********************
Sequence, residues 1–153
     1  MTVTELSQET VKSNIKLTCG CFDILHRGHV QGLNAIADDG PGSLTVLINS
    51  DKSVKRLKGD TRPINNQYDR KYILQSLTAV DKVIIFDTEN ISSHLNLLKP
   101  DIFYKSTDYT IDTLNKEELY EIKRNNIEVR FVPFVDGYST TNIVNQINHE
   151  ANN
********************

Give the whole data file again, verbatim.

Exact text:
Sequence, residues 1–153
     1  MTVTELSQET VKSNIKLTCG CFDILHRGHV QGLNAIADDG PGSLTVLINS
    51  DKSVKRLKGD TRPINNQYDR KYILQSLTAV DKVIIFDTEN ISSHLNLLKP
   101  DIFYKSTDYT IDTLNKEELY EIKRNNIEVR FVPFVDGYST TNIVNQINHE
   151  ANN